Calling all bettors! The Miami Dolphins took the NFL by storm last season, until the storm swallowed them up. In assessing their 2024 Super Bowl odds, should we lean into this wager? Or will Miami underperform? And how will free agency and the 2023 NFL Draft impact their chances? The following betting odds are based on DraftKings Sportsbook.
Miami Dolphins Super Bowl 58 Odds
Last February’s early odds for Super Bowl 57 offered clues on what sportsbooks were thinking and how that wove into the thinking of the broader better market.
For example, the Kansas City Chiefs were the top favorite (+650 odds) to win this year’s Super Bowl, while the Buffalo Bills were No. 2. Not too shabby as far as year-long predictions go.
But the Los Angeles Rams and Green Bay Packers were No.’s 3 and 4, respectively — though, in fairness, Davante Adams’ status in Green Bay remained unclear at that point. The Tennessee Titans (No. 9) and Denver Broncos (No. 10) clearly underwhelmed. The Philadelphia Eagles weren’t even in the top third.
Entering last season, the Dolphins bordered along the bottom third, possessing the 21st most favorable odds at +3900. Because Buffalo was a runaway favorite to win the AFC East — while potentially hampering their intra-division rivals’ ability to earn a Wild Card spot — Miami actually had the second best odds in the division. Yes, it was that top heavy.
But that’s not the case as we look far ahead to the 2023 campaign. Miami is tied for the 12th best odds at +3000. So how should bettors respond?
2022 Season Takeaways
It was a tale of five seasons for the Dolphins, who went almost all in last spring after acquiring Tyreek Hill, forming one of the best receiving duos in the league. He and Jaylen Waddle were No. 10 and No. 12, respectively, in yards after the catch in 2021. Playing together in 2022, Hill remained at No. 10, while Waddle shot up to No. 5.
They were also No. 2 and No. 5, respectively, in NFL receiving yards, becoming only the fourth teammate duo in history to combine for 3,000+ receiving yards. Hill was the rare dominant acquisition who exceeded even the loftiest realistic expectations.
Of course, Tua Tagovailoa also was a big part of this team’s success, and his concussion woes highlighted the up-and-down nature of the season. When Tagovailoa was on the field, Miami went 8-5 and was in position to challenge Buffalo atop the AFC East standings.
But when Teddy Bridgewater or Skylar Thompson started — including in the playoffs — the team was 1-4 with six passing scores and nine interceptions.
Tagovailoa had the league’s highest TD percentage, or touchdown passes per throw (6.3%). He also led the NFL with a 105.5 passer rating. Yes, Hill and Waddle were big reasons why, and they’ll continue to play outsized roles in 2023. But Bridgewater and Thompson, too often, were liabilities on offense. By contrast, Tagovailoa, more often than not, looked like a franchise QB.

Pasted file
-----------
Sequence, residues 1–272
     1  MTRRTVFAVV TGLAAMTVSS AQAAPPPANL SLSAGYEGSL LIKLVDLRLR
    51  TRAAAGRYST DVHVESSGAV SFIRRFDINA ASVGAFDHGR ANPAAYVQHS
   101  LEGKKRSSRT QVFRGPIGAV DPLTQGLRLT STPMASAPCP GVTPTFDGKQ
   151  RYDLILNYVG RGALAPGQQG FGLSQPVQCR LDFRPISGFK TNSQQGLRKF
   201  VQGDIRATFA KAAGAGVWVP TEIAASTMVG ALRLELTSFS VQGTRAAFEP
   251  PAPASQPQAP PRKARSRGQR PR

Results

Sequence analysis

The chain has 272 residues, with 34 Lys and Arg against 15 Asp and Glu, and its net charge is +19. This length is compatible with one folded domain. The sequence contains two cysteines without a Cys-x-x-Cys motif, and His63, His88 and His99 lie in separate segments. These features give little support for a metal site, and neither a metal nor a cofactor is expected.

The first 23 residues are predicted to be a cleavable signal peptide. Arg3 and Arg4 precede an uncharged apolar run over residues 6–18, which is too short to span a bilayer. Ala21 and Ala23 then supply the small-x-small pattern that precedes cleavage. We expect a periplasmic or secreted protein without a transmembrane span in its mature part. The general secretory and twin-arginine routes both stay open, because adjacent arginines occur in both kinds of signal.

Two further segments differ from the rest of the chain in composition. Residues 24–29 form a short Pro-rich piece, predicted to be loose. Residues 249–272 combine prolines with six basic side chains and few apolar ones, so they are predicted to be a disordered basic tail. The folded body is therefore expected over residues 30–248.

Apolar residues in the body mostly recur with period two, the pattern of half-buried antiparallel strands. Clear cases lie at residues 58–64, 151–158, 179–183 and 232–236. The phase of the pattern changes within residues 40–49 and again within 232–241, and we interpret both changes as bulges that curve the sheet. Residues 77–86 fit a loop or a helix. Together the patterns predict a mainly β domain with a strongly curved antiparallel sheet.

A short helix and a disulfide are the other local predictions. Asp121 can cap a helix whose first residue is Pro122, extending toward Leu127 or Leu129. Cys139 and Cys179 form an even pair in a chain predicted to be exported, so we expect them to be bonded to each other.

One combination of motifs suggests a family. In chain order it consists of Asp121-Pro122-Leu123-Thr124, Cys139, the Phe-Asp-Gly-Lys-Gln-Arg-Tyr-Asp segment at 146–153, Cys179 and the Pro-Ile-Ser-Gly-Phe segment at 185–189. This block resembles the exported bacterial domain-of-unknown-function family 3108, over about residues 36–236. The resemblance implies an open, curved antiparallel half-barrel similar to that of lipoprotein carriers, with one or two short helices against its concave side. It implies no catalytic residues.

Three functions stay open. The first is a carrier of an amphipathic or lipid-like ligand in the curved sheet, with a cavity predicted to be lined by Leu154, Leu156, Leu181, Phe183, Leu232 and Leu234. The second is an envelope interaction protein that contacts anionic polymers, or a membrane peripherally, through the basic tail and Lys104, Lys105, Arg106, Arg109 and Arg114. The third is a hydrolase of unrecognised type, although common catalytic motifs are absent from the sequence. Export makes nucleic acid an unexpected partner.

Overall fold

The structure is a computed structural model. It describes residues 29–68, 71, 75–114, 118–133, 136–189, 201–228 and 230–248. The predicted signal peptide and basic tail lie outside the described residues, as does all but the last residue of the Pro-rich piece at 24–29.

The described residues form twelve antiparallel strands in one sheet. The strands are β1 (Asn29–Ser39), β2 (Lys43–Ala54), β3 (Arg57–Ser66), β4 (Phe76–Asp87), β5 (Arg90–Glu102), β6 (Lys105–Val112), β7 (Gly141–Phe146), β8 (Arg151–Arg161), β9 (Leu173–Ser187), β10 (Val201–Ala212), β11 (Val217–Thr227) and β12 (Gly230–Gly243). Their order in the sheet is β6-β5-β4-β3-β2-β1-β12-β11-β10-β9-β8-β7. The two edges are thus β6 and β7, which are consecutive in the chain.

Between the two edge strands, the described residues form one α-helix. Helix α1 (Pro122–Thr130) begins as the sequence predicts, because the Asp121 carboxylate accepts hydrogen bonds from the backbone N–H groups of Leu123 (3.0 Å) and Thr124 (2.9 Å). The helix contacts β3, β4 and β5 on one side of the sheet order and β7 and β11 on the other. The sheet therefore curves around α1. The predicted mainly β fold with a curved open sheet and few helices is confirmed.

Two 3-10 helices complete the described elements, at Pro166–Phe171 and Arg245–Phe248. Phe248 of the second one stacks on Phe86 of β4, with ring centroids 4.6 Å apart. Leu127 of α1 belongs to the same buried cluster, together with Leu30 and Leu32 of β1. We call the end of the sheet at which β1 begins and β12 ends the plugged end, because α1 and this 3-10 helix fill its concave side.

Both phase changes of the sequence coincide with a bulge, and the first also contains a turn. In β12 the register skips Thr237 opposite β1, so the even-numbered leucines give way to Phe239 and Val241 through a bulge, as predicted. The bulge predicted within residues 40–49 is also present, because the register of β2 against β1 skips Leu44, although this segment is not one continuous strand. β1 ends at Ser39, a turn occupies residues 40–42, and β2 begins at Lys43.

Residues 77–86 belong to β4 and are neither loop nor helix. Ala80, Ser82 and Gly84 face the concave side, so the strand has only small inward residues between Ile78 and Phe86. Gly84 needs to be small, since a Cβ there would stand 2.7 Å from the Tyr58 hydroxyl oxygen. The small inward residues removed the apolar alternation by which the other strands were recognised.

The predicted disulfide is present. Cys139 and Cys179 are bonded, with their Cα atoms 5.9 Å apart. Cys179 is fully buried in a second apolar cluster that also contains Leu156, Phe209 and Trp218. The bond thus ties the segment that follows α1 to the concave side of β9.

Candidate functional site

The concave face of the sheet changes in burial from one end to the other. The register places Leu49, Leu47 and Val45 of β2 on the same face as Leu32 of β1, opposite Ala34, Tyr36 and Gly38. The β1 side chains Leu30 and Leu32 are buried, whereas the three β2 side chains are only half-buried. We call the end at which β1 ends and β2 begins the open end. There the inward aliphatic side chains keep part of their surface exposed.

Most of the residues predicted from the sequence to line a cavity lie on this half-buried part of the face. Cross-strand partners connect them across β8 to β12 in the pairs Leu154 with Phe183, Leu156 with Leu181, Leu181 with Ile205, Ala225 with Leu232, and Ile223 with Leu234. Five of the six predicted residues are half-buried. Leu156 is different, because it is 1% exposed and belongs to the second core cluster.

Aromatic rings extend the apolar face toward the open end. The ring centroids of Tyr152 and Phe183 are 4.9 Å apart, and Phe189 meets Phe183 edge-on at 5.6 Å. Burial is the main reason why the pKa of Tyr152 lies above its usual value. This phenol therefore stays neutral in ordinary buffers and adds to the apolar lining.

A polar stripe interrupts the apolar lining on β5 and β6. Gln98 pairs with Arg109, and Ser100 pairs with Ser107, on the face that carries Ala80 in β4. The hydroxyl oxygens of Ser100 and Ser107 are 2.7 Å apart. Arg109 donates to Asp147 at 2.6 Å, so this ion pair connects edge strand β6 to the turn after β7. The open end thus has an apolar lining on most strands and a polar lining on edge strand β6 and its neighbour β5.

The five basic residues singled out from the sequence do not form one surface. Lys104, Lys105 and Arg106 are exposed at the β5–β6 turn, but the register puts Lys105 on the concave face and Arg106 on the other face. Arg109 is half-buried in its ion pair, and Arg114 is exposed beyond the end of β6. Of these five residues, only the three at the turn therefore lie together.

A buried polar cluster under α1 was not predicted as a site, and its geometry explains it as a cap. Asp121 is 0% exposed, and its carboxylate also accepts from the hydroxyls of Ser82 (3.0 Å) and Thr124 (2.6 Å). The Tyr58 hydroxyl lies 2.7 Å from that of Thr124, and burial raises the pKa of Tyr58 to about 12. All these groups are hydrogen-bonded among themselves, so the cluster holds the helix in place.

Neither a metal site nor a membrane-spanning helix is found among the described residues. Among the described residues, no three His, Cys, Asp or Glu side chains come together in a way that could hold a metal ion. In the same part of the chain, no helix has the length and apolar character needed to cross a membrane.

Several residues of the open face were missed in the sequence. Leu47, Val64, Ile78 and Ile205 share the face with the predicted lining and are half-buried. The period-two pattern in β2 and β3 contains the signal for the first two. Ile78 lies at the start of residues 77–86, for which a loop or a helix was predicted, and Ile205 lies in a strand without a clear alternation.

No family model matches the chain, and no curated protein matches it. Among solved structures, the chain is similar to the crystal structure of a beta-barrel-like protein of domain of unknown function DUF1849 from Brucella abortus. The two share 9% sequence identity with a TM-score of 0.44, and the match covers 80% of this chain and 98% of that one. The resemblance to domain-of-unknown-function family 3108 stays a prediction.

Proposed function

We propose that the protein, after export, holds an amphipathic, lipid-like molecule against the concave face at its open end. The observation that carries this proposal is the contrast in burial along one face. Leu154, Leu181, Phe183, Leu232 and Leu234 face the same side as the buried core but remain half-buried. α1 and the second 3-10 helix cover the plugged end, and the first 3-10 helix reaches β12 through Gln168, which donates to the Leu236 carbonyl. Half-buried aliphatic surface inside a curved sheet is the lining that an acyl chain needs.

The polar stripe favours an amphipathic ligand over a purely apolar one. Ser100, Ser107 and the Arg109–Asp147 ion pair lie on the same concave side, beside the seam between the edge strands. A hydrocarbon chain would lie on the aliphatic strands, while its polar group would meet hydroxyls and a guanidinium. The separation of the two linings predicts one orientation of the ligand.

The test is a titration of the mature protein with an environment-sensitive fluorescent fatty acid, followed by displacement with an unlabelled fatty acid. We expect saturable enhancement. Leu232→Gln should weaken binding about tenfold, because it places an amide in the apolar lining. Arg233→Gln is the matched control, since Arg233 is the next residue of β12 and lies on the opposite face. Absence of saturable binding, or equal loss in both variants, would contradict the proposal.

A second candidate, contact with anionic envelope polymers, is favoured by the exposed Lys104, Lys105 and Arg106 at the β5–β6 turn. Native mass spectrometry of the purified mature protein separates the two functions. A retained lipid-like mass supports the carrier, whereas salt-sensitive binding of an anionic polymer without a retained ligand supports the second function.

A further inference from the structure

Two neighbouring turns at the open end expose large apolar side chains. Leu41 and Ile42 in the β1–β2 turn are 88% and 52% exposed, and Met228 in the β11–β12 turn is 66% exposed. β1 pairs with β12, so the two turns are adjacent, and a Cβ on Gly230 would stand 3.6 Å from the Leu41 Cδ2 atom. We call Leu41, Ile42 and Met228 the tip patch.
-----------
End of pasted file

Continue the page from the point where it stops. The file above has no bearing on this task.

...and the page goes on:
His health might be the key to Miami’s somewhat steep chances at winning their first Super Bowl in half a century. Will this franchise contentedly roll with Thompson as its No. 2 quarterback?
Perhaps Miami is hoping it won’t matter — that Tagovailoa will pick up where he left off in 2022 — and that he’ll be able to avoid another serious injury that could derail his season and Miami’s hopes of a title.
Elsewhere, it should be noted that the Fins’ defense frequently struggled, surrendering the ninth most points while tying for the second fewest forced turnovers. They also yielded the sixth most passing yards. And while their run defense was adequate on paper, opponents ran on them the fifth fewest times per game.
For its own running game, Miami will need to weigh the value of retaining the 31-year-old Raheem Mostert and 27-year-old Jeff Wilson Jr. — both possessing notable injury histories. For a team that ran less than 30 other franchises in 2022, Miami has a long way to go to present a balanced attack.
So yes, it was a tale of five seasons that began with a shocking 3-0 start in which the Dolphins vanquished the New England Patriots, Baltimore Ravens, and Bills. Then Tagovailoa got hurt in the second quarter in Week 4, and Miami proceeded to lose those next three contests.
The third part of the season kicked off when Tagovailoa returned in Week 7, helping to guide Miami to five straight wins. Then the Dolphins lost five straight, with Tagovailoa getting knocked out for the season.
The fifth and final part of the season saw the team limp past the New York Jets in Week 18 to reach the playoffs and then come oh-so-close to a stupefying upset over the Bills in Buffalo in the Wild Card round.
2023 Offseason Moves
At their best, the Dolphins proved they probably could beat anyone. But they need to shore up some key positions, hope their franchise QB stays healthy, and do it all with limited cap flexibility and no first-round draft pick.
I anticipate their odds will drop rather than go up this offseason. Several “good” teams are poised to get better before September. I believe Miami’s +3000 odds are too bullish, and that they’ll fall to around +3800 by the summer.
NFL Free Agency
In the coming weeks, we’ll update this section with breaking news on key Dolphins arrivals and departures through free agency and trades, how it impacts their Super Bowl odds, and how it might inform our decision to bet on them to win it all.
In early May, we’ll update this section on key Dolphins draft picks and UDFA signings, with an eye toward any instant-impact players who could help catapult Miami to league-frontrunner status.
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